This poem was commissioned by the US Forest Service and appears with others at selected viewpoints along the Methow River in the northern Cascades in Washington. So imagine you are driving along a road in the Cascades, you pull over to look at a beautiful valley, and you find this poem.

A Valley Like this
“Sometimes you look at an empty valley like this, and suddenly the air is filled with snow.
That is the way the whole world happened-there was nothing, and then…
But maybe sometime, you will look out and even
the mountains are gone, the world become nothing again.
What can a person do to bring back the world?
We have to watch it and then look at each other.
Together hold it close and carefully save it, like a bubble that can disappear
if we don’t watch out.
Please think about this as you go on. Breath in the world.
Hold out your hands to it. When mornings and evenings
roll along, watch how they open and close, how they
invite you to this long party that your life is.”

“Please think about this as you go on.” Remember this moment in the Cascades. Remember the stillness of the water when you return back home.

That poem was given to me by a friend, Ray Gatchlian. Ray was a firefighter in Oakland. Ray also traveled the world giving motivational speeches, reading poetry, and making a difference in his own community by tacking the issues of racism and drug abuse.
And putting out fires.

He gave me this poem when I asked him if he had any thoughts on he subject of gratitude. I must admit that I was surprised when Ray answered that for him, at that moment of his life, a practice of gratitude was the most significant, most powerful of all spiritual practices. He had studied and worked with many spiritual practices, meditation, yoga, and he found that the practice of saying 100 gratitudes a day was the most rewarding.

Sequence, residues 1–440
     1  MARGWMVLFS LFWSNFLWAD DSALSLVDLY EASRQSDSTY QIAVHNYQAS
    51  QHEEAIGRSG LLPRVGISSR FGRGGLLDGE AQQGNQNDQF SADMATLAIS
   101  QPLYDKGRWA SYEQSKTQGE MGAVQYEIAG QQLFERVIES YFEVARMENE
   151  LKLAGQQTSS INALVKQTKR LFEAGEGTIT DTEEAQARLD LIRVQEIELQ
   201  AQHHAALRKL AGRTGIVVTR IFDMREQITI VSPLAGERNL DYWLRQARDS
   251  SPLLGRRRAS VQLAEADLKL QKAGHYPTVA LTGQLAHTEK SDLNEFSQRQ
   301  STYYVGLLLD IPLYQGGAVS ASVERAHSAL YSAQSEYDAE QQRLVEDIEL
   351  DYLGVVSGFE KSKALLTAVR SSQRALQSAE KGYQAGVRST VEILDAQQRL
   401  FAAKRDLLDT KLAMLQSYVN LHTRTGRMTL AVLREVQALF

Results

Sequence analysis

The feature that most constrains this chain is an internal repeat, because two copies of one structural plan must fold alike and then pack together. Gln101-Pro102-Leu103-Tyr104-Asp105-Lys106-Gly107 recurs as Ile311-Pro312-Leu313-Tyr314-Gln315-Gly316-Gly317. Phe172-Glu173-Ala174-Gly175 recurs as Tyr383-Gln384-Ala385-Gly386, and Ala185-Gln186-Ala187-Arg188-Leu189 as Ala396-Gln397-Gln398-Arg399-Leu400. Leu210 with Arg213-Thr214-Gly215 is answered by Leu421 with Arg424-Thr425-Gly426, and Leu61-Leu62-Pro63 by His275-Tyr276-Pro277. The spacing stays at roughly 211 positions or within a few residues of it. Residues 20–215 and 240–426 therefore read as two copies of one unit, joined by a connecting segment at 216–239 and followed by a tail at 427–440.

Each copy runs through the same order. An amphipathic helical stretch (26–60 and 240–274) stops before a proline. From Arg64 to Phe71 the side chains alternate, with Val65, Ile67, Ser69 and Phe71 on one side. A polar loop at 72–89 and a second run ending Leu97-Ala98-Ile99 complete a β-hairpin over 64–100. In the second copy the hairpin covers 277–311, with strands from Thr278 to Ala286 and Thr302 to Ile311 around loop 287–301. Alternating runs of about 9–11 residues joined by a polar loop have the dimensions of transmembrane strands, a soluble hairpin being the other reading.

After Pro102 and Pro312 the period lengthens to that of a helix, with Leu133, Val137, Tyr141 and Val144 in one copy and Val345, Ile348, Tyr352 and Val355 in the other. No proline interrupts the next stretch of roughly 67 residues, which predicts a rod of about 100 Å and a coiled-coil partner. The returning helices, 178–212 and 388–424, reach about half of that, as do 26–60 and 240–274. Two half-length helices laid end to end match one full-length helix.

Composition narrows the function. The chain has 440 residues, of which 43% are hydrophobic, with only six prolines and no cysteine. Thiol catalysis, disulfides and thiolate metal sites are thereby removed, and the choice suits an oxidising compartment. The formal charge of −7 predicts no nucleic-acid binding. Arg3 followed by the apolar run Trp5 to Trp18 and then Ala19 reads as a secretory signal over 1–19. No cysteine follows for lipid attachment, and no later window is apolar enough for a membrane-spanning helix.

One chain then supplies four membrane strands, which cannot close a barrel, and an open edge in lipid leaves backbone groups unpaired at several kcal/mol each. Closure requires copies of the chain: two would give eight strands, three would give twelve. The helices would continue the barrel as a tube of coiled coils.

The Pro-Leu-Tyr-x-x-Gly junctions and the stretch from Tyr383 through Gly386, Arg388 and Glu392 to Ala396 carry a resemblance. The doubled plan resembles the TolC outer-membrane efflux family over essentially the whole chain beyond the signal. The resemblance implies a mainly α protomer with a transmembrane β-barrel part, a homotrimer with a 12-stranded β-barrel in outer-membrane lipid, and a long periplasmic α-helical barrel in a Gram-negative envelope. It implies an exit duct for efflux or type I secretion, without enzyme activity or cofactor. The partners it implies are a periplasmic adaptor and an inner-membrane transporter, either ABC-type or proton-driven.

100 gratitudes a day! How could one possibly think of 100 things to be thankful for in one day. As I reflected on this I quickly realized how many grumps I do a day. How many ungratitudes I do a day. How many times I wish that such and such had happened. How many times I wished I had something I don’t. How many times I wished I could be somewhere I am not.

I realized that living with 100 grumps a day makes it impossible to stand where I am. When ever I am wishing that the world be something different than it is, then I am not present in the world.
And this is exactly what Ray said happened for him. That rather than creating some sort of unreal world, the practice of 100 gratitudes a day actually helped him get into the present, into where he actually was at the moment. It helped to see that the present is always full, whereas thinking of things in the past that haven’t gone right is limited and limiting.

Nevertheless it still is a challenging practice. You have to turn off the grump voice and turn on the grace voice with in yourself.
I recently received an e-mail from a friend that would give you an idea of what it might look like to practice 100 gratitudes a day.

I am thankful for: the mess to clean after a party because it means I have been surrounded by friends, the taxes I pay because it means I am employed, the lady behind me church who sings off-key because it means I can hear, the spot at the far end of the parking lot because it means I am capable of walking, a lawn that needs mowing and gutters that need cleaning because it means I have a home, the alarm that goes off early in the morning because it means I am alive!

An attitude of grace as a spiritual practice enables us to see things as they are fully, honestly, with an awareness that with all of the events set before us we are still called to choose life. And to take actions that help others choose life.

An attitude of grace moves us fear to trust; from being judgmental of ourselves, or others, to being compassionate; from hurting to healing, from losing energy to gaining creative power, from despair to freedom.

It begins in a simple act. Going to where the wood drake rests. Stopping the car, getting out, and marveling at the beauty of the valley. Turning ones life from grump to gracious. Finding a way to feed someone who is hungry, visit someone who is locked up.

In his poem William Stafford asks, “What can we do to bring back the world?”
What can a person do to bring back hope, clarity, acceptance of the present and energy for the future?
We can look at each other and hold together that community of life affirming